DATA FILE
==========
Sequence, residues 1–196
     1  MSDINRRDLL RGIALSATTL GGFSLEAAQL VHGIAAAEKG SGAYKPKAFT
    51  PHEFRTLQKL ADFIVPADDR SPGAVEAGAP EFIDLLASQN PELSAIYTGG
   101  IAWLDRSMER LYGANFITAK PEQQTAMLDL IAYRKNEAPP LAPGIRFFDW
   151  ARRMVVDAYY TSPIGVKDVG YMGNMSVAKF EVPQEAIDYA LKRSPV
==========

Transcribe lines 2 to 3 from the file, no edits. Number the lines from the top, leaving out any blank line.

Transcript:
     1  MSDINRRDLL RGIALSATTL GGFSLEAAQL VHGIAAAEKG SGAYKPKAFT
    51  PHEFRTLQKL ADFIVPADDR SPGAVEAGAP EFIDLLASQN PELSAIYTGG